What are the requirements to become an attorney or advocate in South Africa?
LLB students often wonder about the training and steps it requires to become an admitted attorney or advocate in South Africa. We hope this blog will help provide a checklist of statutory requirements.
To become an attorney or advocate in South Africa, a lawyer generally has to meet the following requirements:
- Hold a LLB degree (or foreign law degree obtained in a foreign country, which is an equivalent to LLB).
- Complete practical vocational training (which may include community service) under supervision of a principal (if candidate attorney) or training supervisor (if pupil).
- Be a South African citizen or permanent resident and be a fit and proper person (honest and with integrity).
- Pass competency-based examinations or assessments (different admission exams for candidate attorneys and pupils).
- Complete the prescribed legal practice management course (for candidate attorneys and pupils who intend to practice as “trust account advocates”).
- Provide proof of 1-5 above in a formal court application to the High Court to be admitted.
- Apply to the Legal Practice Council to be enrolled as attorney or advocate and pay a fee.
These requirements are set by the Legal Practice Act 28 of 2014 which governs attorneys and advocates since the end of 2018.
It thus generally takes minimum 4 to 6 years to be admitted as an attorney or advocate in South Africa, depending on the results of your studies, terms of your vocational training, courses you have to attend, timing of your court application and the efficiency of the Legal Practice Council to enroll you.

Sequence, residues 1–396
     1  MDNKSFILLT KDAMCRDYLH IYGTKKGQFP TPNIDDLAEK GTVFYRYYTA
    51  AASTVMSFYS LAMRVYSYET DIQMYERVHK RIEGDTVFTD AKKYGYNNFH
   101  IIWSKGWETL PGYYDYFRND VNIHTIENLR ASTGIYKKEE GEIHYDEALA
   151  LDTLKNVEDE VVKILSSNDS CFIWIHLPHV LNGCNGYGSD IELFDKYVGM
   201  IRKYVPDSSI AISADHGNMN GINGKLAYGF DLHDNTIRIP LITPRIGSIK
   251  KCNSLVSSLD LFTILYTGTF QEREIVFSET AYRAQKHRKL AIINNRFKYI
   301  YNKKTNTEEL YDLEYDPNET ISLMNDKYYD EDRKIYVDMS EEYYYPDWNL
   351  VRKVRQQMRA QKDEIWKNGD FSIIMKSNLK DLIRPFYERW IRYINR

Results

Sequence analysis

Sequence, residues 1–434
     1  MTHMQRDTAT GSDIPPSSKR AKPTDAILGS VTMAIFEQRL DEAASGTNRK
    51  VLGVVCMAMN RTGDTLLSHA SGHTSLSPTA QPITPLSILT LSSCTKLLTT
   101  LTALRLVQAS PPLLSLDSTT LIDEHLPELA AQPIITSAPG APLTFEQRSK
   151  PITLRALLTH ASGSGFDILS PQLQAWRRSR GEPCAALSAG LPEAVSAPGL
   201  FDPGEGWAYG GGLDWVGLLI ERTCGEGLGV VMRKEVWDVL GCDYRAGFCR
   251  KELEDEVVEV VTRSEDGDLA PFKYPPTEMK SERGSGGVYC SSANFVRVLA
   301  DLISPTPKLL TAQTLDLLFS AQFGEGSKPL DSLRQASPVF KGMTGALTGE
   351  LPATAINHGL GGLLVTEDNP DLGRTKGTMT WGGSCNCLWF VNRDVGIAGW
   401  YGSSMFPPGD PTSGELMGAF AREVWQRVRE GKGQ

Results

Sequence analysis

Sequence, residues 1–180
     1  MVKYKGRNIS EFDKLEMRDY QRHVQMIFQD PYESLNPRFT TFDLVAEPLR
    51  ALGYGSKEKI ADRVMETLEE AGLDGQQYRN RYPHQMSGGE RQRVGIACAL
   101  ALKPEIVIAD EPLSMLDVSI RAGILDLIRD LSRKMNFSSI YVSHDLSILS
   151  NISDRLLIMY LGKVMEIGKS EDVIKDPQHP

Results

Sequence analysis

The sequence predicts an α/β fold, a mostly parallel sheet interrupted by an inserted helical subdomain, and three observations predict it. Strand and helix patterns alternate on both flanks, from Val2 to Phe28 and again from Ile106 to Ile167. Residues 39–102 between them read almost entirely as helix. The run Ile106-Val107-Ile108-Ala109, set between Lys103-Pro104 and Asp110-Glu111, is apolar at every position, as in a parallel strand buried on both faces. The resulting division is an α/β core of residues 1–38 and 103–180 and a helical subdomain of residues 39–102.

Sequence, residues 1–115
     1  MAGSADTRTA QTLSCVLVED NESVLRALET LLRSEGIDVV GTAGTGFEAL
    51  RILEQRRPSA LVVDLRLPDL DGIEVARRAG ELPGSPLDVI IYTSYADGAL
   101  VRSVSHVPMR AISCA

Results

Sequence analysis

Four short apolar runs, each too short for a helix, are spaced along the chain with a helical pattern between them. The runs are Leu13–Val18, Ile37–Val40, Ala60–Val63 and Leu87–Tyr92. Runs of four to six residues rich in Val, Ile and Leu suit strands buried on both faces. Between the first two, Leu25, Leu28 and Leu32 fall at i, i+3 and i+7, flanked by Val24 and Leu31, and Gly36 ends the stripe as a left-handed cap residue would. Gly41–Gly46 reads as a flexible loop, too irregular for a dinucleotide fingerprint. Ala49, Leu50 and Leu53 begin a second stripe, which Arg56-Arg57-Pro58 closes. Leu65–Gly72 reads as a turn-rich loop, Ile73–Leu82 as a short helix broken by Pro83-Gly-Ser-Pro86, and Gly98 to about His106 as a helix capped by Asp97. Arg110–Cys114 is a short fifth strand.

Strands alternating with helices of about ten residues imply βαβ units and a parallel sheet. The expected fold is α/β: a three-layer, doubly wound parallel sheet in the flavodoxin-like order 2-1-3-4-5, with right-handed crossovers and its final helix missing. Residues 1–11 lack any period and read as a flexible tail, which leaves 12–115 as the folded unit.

Some young LLB graduates further find it challenging to secure vocational training fast, as not all of the estimated 13 000 small legal practices in South Africa can afford to offer vocational training to the thousands of LLB graduates finishing studying at South African universities every year.
Such LLB graduates then often opt to finish their LLM degrees before securing/serving vocational training or engage in other career activities. As the journey to admission can get long, due to financial reasons, and lawyers’ diverse interests and skills, many LLB graduates also explore becoming entrepreneurs, business owners, legal consultants, activists, compliance officers, government officials, researchers, academics or corporate counsel, if they do not proceed to admission. An LLB degree therefore creates many career options and opportunities.
To become an attorney or advocate in South Africa truly requires a lot of studying, hard work, commitment, persistence and resilience!